July 25, 2007
The Best Management Book I've Read
First, Break All the Rules is without a doubt the best management book I’ve ever read. All I can say is read it and do likewise.
Well, actually, I can say more. Why is it good? The way it was put together. It’s not just some management consultants giving you their dog and pony show. Two Gallup Organization leaders, Marcus Buckingham and Curt Coffman, took the results of surveys and interviews with eighty thousand managers in over four hundred companies, summarizing what the best actually do best and how they do it.
Here’s a sampling of the management myths they bust.
Conventional Wisdom: The best way to keep top talent is with great pay and benefits.
Think about it. What usually motivates people to leave your organization? Sometimes they are disgruntled about pay. But isn’t it more typical that they’ve had a run in with their boss or other coworkers? This doesn’t mean supervisors need to kowtow to every employee whim. It means they need to be better managers. First, Break All the Rules is a great place to learn some of how to do that.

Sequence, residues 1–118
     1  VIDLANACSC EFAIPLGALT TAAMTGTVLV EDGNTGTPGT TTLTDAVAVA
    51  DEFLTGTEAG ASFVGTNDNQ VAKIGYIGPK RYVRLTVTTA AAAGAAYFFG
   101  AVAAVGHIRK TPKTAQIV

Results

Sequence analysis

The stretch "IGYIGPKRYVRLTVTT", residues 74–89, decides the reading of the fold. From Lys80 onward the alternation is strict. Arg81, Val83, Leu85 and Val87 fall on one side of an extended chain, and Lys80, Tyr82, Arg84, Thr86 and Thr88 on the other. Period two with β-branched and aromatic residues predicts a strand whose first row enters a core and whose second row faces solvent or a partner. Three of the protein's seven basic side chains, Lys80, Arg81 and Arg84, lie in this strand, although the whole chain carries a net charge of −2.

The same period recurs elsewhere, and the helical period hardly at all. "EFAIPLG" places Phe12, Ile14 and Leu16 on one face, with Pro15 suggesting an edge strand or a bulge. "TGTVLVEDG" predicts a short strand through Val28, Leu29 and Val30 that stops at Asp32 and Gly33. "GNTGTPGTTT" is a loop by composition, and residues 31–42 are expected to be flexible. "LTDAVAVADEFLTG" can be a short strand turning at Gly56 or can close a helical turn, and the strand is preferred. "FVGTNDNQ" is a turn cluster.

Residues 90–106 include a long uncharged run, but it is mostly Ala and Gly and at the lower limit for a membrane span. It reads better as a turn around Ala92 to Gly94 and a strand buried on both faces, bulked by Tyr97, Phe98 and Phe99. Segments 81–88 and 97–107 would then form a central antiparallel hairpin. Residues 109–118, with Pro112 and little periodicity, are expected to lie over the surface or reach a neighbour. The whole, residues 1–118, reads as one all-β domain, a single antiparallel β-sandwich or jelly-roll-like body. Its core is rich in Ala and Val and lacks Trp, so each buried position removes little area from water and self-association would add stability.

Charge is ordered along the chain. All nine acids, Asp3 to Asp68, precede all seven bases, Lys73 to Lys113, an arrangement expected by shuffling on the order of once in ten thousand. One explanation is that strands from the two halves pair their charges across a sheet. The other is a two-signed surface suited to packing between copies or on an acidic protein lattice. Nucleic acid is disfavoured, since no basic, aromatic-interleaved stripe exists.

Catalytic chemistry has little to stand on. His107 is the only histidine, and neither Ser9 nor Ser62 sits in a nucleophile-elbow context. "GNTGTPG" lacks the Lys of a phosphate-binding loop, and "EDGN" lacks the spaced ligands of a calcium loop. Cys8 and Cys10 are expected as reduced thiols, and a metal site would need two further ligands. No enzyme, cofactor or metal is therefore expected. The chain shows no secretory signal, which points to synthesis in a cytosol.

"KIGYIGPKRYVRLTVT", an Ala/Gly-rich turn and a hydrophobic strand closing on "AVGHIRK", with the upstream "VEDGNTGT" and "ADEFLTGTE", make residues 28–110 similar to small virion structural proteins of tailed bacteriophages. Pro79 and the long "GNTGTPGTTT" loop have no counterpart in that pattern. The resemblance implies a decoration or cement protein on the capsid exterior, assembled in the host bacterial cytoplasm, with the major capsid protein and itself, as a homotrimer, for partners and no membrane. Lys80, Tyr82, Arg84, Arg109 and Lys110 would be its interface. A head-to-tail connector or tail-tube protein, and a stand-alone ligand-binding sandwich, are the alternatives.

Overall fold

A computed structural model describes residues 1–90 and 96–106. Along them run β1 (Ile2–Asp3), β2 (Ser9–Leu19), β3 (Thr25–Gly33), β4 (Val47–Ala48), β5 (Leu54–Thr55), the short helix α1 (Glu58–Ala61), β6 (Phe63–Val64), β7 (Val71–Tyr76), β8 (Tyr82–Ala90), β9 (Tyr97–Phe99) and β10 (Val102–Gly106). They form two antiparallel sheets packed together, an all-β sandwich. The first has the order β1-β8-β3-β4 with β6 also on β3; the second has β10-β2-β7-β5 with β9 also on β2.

Conventional Wisdom: Talents are rare and special.
Buckingham and Coffman give a wonderful example of housekeepers at world-class hotels. They interviewed the best to find out what made them so great. Answer: they put themselves in the shoes of a hotel guest entering the room for the first time. What would they want the room to be like?
After one housekeeper finishes a room, she lies down on the bed--not because she is lazy but because that is the first thing a guest would do. And from that position she gets a good look at the ceiling, the fan and the light fixtures. Are they clean? Are there cobwebs? How would the hotel guest feel looking at that?
Some people will just never think like this. Those who do have a talent. As the authors say, the key is to discover the talent each person has and put them in--or, if possible, create--roles where they can use that talent regularly.
Conventional Wisdom: A manager’s main role is to control or to instruct.
The best managers said, “My employees don’t work for me. I work for them.” The employee is the star; the manager is the agent (who expects a great deal from his/her stars). The manager creates an environment where the employee can succeed, and succeed spectacularly.
Inside the book you'll find many more gems. Get it. Read it.